Tuesday 31 July 2012

Summertime! A very long blog post

Yesterday, I did one of those summertime things. I went to a lake/fishpond/whatever it's called in English; mom had said there should be wild plums.
Maybe there are, I don't know. I never came to the place where they are supposedly growing, because on the way there, I found abandoned apple trees - lots of them, guarded by fearsome stinging nettles.
And just by picking the apples I could reach easily, I brought home about 3 kg of apples. Glorious green tart summer apples, perfect for pies and other such things.

Now, let us interrupt the story with an advertisement...

Well, sort of.
-~- Accordion to Kellie Summertime Blog Party -~-
What is your favorite cold summer treat?
My all time favourite summer treat, forget cold, is a juicy green tart summer apple, picked from the tree, and all the things that can be made from it. Like apple strudel.

I forgot to put any sugar in it. An excuse to put even more sugar on top!

If you insist on "cold", it's lemon ice cream. Especially the lemon + mint + ginger ice cream that I once had. My sister made homemade ice cream recently, cherry (obviously), with excellent results (so excellent that I do not have a photo). There's mint growing in our garden, and lemon and ginger are easy to come by. Maybe I should try it.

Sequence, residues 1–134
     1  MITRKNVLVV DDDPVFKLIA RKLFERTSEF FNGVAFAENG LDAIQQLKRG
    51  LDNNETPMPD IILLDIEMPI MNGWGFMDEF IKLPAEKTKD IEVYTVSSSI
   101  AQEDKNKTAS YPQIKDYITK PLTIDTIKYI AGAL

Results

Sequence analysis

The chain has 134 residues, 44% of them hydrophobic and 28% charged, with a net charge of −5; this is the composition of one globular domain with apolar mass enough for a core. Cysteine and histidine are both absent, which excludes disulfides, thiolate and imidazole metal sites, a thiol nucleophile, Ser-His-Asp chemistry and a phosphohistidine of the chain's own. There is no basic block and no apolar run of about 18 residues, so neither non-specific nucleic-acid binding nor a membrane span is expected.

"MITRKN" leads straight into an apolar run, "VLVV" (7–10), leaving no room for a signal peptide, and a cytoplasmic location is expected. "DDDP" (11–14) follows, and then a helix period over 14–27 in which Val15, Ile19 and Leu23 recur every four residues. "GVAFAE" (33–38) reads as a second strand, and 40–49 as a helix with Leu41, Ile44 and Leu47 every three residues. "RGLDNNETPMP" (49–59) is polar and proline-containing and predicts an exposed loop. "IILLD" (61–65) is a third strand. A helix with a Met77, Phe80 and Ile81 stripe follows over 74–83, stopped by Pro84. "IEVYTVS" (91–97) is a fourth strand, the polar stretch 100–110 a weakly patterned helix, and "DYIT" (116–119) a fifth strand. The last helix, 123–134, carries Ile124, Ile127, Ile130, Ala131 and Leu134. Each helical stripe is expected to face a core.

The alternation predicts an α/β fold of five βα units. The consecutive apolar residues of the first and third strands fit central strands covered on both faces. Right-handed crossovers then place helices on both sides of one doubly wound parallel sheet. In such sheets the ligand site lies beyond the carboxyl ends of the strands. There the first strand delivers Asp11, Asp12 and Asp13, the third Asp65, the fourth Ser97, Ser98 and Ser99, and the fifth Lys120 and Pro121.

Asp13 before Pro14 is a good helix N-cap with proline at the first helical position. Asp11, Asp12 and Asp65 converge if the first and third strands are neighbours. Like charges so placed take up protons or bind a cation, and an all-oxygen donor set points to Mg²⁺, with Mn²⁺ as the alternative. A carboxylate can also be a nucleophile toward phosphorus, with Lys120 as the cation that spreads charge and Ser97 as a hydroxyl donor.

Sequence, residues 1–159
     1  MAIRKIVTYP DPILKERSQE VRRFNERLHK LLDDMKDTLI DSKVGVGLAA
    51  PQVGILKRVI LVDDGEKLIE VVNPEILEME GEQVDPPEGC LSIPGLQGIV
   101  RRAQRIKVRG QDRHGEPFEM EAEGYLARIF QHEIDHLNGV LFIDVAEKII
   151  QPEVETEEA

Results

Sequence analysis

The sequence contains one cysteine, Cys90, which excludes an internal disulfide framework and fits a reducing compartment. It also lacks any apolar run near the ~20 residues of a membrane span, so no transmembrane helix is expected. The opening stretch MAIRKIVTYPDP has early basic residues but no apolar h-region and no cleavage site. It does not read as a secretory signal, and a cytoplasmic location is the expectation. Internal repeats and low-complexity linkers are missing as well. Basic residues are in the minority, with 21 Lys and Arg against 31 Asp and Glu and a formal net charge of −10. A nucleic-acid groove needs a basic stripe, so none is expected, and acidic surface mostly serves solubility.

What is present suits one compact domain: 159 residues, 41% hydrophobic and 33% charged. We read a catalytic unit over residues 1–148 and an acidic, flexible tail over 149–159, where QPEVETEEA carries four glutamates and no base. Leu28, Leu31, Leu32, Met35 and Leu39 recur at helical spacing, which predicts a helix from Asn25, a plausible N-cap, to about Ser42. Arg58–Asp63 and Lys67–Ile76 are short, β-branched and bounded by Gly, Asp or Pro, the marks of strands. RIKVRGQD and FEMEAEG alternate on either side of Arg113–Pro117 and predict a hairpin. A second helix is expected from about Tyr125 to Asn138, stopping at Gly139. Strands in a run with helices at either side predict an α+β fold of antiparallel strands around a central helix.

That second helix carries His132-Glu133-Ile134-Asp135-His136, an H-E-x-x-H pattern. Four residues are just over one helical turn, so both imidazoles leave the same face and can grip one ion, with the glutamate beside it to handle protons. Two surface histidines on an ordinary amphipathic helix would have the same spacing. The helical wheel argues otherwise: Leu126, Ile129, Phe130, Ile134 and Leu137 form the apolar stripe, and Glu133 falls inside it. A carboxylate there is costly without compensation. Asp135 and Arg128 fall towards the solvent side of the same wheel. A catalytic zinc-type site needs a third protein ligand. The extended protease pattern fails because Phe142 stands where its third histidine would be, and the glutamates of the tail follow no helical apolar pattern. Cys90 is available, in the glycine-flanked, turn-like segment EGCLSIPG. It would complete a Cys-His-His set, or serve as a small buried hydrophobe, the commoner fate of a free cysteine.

But mango lassi is also good.
Ideal summer vacation?
 Anywhere with a forest (although Bohemian-Moravian Highlands don't hurt). And blueberries. Or blackberries. And little streams in the forest. Accessible by train. The possibility to visit historical sites, like a chateau. And nice people around.

The Konopiště chateau, the residence of Franz Ferdinand d'Este, which we visited with mom and sister and cousins back in 2008.
Favorite summertime sport?
 Alternating between basketball and softball; but both only when it's not too hot. And I'm not much of a sport girl to begin with. If hiking by any chance counts as a sport, it's definitely hiking.
Name your favorite book for the perfect summer afternoon read
 The best, perfect summer afternoon read was Silver Rose/Green Brigade. I found it in the library of a recreation centre/camp that belongs to my church; it's the sort of library where people put their library castoffs. It was an old book, from the 1940s (as I figured out much later), and some of the pages were still uncut (!). I carefully cut them, and read it one summer afternoon on a lakeside...
When I came to the camp next year, the book was in pieces, scattered over the whole library, and I could not put it back together.
(I saved several books from that library; until then, it felt like stealing, or borrowing for an indefinite time; after that, I kept them without regret.)

Currently, both me and my sister are immersed in the Brother Cadfael series. I found its awesomeness thanks to Lisa. I had encoutered it once or twice before, the name and the basic premise, but I had not bothered checking it out because back then it sounded like one of the countless "historical" novels that are to be found out there. You know, historical murder mystery? Solved by a monk? Sounds a lot like something riding the popularity of Name of the Rose. Thankfully, I know better now. It was written by a historian, it describes a time and place in English history that you rarely hear about (plus some Welsh history thrown into the mix, which you hear about even more rarely), and it was translated into Czech by two of the best Czech translators from English. Just that would suffice to mark them as books made of win; but it usually also has very good stories. ;-)